Add water in small portions to the plant mix. The solution must be pasty and not liquefied in order to dry and solidify  properly.Perhaps the children could take turns doing  do the measuring and mixing as you coach.

I hope you enjoy these ideas. Have a terrific weekend. :-0)

Mari N. M.Ed.


Mari Nosal : Please stop by my site at Amazon Books and check out my published books on autism aspergers special needs and more




Hello There :-0)

I have included some fun ideas to increase fine motor skill development, sensory awareness, literacy skills, and more. On the surface, these activities may look like mere fun. AHHHHHHH but one cannot always tell a book by its cover, can we?  Include a high fun factor in the learning and children will maintain the engagement in the project. The more engaged the child is, the more that child will recall and practice what they have learned.

  • 1) Rutti Tutti Water Colors: This is an excellent way to explore colors,sense of smell, and occasionally taste, as an occasional child attempts to “taste” the paint. (do not worry, the paint is totally non toxic sugar-free jello) :-0)

Drop two boxes of sugar-free Jello in a bowl. This project works best when you use four or five flavors in separate bowls. i.e. orange jello for orange cherry jello for the color red, lime jello for the color green, etc. Drop tablespoons of water into the bowl of jello and stir. This must be done slowly as the intent is to create a pasty consistency. If too much water is added the jello will be watery, thus losing its textured appearance when the children paint with it.

Attempt to include the children by allowing them turns stirring the jello and adding water. This encourages independence and a sense of team work in the kids. This project may be adapted by adding Q. TIPS, sponges, even potato stamps that the children create, as alternate ways to paint. This is an excellent way to explore and think outside the box.

You may want to encourage the children to provide you with their impression of what each flavor of jello smells like, and broach a discussion. i.e. You can talk about the orange jello and display an orange for visual reinforcement, etc.

2)  Make Marbles and chopsticks: This game enhances eye hand coordination and fine motor skills. Have the children place colored marbles on a plate. Provide them with straws to use as chopsticks. The chopsticks are the only instrument that can be used to move marbles from one plate to another. This can be made into a team game. You can encourage the children to compete and see who can pick up the most marbles. Use judgment as applying the competitive edge depends on the childs social and emotional development. You can also provide a basic math activity by counting the marbles on the plate.

3) Chalk fun: The children have the opportunity to stand in a line and draw a line with chalk. The next child adds to the first childs line, (or drawing) with the intent of creating a group art project. No scribbles allowed in this one. The intent is to think ahead towards an ultimate creation. This is a fun way to reinforce taking turns, reciprocity, and plain old team work. :-0)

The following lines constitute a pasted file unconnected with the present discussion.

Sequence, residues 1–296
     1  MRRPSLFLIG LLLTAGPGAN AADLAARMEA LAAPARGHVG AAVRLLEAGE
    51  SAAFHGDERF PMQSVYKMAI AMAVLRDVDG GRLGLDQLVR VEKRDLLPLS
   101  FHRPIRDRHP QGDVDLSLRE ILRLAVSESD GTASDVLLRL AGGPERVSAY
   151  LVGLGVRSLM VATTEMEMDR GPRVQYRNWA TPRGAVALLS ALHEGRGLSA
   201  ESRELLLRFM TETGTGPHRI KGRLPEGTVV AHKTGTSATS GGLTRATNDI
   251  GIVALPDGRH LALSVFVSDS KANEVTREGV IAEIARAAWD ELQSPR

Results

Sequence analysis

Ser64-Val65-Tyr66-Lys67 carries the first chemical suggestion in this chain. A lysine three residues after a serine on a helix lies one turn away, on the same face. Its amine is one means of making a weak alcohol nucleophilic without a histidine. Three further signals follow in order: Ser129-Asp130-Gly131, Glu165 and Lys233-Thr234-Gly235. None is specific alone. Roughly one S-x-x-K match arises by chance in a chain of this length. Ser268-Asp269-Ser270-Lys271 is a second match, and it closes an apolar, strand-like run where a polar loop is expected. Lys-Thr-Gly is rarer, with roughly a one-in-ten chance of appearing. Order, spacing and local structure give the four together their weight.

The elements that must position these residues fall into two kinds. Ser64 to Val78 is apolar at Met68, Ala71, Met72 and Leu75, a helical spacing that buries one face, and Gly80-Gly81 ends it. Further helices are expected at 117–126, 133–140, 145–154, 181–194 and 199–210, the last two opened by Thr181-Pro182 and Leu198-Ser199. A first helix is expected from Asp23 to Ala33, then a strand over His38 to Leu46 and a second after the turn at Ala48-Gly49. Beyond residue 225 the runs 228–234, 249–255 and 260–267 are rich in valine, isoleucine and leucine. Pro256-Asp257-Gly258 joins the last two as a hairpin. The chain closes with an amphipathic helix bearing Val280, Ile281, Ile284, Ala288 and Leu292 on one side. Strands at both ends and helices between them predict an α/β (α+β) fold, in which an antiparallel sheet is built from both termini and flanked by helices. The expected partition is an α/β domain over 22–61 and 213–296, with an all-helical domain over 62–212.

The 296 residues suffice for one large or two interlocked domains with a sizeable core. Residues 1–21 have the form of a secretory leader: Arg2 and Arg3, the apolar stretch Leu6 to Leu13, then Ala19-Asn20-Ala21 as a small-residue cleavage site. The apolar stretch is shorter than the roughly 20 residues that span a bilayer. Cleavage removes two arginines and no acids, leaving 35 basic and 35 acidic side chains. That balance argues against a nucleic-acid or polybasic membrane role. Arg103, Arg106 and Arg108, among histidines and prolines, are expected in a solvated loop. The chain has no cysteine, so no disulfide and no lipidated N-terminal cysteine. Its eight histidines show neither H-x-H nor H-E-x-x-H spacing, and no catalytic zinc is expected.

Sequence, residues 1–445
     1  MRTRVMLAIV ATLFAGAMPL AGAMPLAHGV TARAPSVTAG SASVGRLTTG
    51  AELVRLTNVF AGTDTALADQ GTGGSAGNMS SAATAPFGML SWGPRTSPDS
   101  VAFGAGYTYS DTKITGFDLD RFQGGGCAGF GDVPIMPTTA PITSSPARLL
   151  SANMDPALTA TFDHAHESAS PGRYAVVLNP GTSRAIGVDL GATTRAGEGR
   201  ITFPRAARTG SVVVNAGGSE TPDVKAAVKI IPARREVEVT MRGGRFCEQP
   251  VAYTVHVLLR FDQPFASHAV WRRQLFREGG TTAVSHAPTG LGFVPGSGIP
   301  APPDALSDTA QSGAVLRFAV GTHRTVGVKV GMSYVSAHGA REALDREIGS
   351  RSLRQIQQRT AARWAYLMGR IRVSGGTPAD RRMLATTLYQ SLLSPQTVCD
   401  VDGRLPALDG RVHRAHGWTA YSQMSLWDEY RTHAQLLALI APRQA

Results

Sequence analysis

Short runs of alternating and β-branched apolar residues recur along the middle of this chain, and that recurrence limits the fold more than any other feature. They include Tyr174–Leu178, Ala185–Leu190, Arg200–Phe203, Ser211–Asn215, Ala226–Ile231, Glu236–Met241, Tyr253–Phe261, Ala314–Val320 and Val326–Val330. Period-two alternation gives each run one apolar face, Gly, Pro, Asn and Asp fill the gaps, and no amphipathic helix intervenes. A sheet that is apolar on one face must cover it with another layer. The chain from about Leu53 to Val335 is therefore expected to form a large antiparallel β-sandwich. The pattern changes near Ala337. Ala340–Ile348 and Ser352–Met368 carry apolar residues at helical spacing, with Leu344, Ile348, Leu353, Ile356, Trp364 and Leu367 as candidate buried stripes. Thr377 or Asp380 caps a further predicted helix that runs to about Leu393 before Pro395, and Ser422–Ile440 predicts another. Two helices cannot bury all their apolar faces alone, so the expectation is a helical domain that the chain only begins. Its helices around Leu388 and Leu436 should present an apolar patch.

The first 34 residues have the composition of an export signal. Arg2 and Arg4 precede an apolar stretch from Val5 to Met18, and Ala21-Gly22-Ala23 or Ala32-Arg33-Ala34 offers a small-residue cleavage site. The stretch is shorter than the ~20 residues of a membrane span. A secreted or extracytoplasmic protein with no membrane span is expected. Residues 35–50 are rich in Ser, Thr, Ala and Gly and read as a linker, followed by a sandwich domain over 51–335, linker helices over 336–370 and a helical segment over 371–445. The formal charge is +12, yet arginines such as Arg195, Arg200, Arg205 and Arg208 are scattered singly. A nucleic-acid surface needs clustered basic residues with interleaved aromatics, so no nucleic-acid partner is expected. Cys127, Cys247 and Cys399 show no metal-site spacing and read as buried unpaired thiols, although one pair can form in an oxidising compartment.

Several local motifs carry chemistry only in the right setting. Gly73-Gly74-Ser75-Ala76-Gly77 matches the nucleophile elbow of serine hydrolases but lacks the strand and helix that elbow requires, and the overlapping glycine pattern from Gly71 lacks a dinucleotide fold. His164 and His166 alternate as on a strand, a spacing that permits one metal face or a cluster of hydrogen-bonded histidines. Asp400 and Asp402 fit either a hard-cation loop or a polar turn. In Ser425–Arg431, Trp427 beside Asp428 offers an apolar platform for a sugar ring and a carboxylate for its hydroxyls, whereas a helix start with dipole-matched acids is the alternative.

4) Spud Knockers : This is a great game for children who have social emotional challenges, or are merely not developmentally ready for team games. They merely compete against themselves. In this game, they will reinforce coordination, gross motor skills and more.

Two potatoes are placed in a panty hose leg. The pantyhose is lightly tied around the childs leg. Another potato is placed on the ground. The child hits the potato on the ground by swinging their leg that has the other potato in the pantyhose. The ultimate goal is to move the potato that is on the ground across the room with the other potato.

5: Snake Dance: This is played like follow the leader except in a Conga Line style. Children in line imitate the movements of the leader of the line while music plays in the background. This game encourages awareness and listening skill, as the children must stay in line and focus on what the lead child is doing.

I call out the child at the end of the line to go and lead every thirty seconds or so. As the child at the end goes to the front of the line the leader goes to the back. The intent here, is that ALL children get a chance to be the leader. You will have to prompt them to change places.

This game has a high fun factor. The children are welcome to move about anyway they wish when they are the leader. (As long as they stay in the snake line)

Warning be prepared for a high silly and giggle factor:-0)

Most of all, HAVE FUN!! :-0)

Mari N. M.Ed.

Mari Nosal : Please stop by my site at Amazon Books and check out my published books on autism aspergers special needs and more


A Very Special Ode to Special Needs Parents

I was observing a couple recently at the mall struggling with a child with Downs Syndrome
who was in an over stimulated, I want to go home now,
meltdown mode. As is characteristic of me, my experience
jettisoned into a silent, analytical, observation. I made mental
notes pertaining to the responsibility afforded to a special
needs parent. It is a 24-7 job. Parents must be on call to jump
to attention for a whimpering baby with a wet diaper or
hunger pangs. Mothers must be on constant alert for toddlers
unrolling a roll of toilet paper that he is busily spreading from
room to room, with the roll unraveling behind him, as he
gleefully runs.
We are a tough breed who gets attacked with a
projectile shot of vomit that lands on our bodies with
the force of a speeding bullet. We wipe runny noses
with an almost unlimited amount of tissue that seems
to be pulled from thin air. We spend years with sleep